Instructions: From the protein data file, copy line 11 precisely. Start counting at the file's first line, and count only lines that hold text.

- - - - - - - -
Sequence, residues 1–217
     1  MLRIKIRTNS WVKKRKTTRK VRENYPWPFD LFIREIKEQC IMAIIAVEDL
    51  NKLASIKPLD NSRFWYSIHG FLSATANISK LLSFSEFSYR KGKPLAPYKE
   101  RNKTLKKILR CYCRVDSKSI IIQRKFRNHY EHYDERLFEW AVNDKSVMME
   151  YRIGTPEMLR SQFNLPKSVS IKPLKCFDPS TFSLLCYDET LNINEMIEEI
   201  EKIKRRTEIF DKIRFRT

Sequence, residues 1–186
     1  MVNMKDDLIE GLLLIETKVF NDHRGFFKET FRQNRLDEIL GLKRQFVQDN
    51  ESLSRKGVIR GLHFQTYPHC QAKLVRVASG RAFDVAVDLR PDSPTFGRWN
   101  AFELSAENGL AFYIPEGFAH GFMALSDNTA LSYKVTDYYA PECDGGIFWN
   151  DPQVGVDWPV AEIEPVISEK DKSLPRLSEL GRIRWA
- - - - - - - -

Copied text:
   151  DPQVGVDWPV AEIEPVISEK DKSLPRLSEL GRIRWA